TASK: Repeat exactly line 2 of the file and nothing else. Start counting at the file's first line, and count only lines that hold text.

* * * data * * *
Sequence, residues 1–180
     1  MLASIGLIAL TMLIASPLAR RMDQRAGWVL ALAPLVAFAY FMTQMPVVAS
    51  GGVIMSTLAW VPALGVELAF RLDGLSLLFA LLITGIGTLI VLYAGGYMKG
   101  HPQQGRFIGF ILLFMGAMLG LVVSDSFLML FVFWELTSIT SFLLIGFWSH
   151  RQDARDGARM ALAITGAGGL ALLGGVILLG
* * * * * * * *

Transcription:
     1  MLASIGLIAL TMLIASPLAR RMDQRAGWVL ALAPLVAFAY FMTQMPVVAS